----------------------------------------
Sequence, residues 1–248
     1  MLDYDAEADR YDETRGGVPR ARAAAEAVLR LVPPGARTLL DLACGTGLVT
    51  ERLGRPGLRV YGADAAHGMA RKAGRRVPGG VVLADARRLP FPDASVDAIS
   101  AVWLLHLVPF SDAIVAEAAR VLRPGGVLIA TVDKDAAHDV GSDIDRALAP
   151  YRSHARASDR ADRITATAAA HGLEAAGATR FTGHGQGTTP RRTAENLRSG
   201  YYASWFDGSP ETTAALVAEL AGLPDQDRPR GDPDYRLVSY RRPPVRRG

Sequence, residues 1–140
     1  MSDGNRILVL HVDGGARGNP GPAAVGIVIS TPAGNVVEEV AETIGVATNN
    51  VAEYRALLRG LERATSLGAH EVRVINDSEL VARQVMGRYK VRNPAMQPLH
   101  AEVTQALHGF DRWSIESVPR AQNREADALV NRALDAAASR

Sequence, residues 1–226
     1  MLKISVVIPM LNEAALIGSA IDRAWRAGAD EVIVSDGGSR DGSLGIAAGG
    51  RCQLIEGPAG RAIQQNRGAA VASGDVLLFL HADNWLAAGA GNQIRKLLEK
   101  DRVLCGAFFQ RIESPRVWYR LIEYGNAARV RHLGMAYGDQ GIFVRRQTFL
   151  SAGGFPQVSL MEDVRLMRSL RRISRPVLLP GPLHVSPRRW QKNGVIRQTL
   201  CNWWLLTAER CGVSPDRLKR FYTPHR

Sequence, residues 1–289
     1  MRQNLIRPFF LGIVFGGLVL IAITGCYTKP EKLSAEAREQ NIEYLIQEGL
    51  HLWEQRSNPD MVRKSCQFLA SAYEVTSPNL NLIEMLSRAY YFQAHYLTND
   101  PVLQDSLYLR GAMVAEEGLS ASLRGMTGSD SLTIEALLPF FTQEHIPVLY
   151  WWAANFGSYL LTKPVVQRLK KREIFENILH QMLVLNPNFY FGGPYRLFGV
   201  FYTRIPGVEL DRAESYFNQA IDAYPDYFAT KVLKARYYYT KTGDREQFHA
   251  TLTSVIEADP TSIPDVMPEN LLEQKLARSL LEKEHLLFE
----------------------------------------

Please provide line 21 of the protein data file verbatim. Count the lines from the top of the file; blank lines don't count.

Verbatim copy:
   151  WWAANFGSYL LTKPVVQRLK KREIFENILH QMLVLNPNFY FGGPYRLFGV